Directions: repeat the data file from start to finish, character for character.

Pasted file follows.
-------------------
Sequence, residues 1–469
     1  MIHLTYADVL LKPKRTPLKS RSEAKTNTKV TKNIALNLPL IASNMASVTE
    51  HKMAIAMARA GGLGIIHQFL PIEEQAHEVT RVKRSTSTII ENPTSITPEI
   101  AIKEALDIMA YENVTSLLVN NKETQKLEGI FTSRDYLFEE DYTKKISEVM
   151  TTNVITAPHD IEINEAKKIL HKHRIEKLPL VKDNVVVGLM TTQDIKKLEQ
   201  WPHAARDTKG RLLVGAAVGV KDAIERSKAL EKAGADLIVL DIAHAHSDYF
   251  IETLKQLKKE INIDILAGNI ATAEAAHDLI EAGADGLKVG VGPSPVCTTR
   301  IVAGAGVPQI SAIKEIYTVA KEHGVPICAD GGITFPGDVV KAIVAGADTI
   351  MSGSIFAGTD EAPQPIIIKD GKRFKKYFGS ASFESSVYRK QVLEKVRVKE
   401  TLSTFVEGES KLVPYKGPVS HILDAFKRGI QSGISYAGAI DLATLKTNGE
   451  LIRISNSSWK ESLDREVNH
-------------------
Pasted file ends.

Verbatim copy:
Sequence, residues 1–469
     1  MIHLTYADVL LKPKRTPLKS RSEAKTNTKV TKNIALNLPL IASNMASVTE
    51  HKMAIAMARA GGLGIIHQFL PIEEQAHEVT RVKRSTSTII ENPTSITPEI
   101  AIKEALDIMA YENVTSLLVN NKETQKLEGI FTSRDYLFEE DYTKKISEVM
   151  TTNVITAPHD IEINEAKKIL HKHRIEKLPL VKDNVVVGLM TTQDIKKLEQ
   201  WPHAARDTKG RLLVGAAVGV KDAIERSKAL EKAGADLIVL DIAHAHSDYF
   251  IETLKQLKKE INIDILAGNI ATAEAAHDLI EAGADGLKVG VGPSPVCTTR
   301  IVAGAGVPQI SAIKEIYTVA KEHGVPICAD GGITFPGDVV KAIVAGADTI
   351  MSGSIFAGTD EAPQPIIIKD GKRFKKYFGS ASFESSVYRK QVLEKVRVKE
   401  TLSTFVEGES KLVPYKGPVS HILDAFKRGI QSGISYAGAI DLATLKTNGE
   451  LIRISNSSWK ESLDREVNH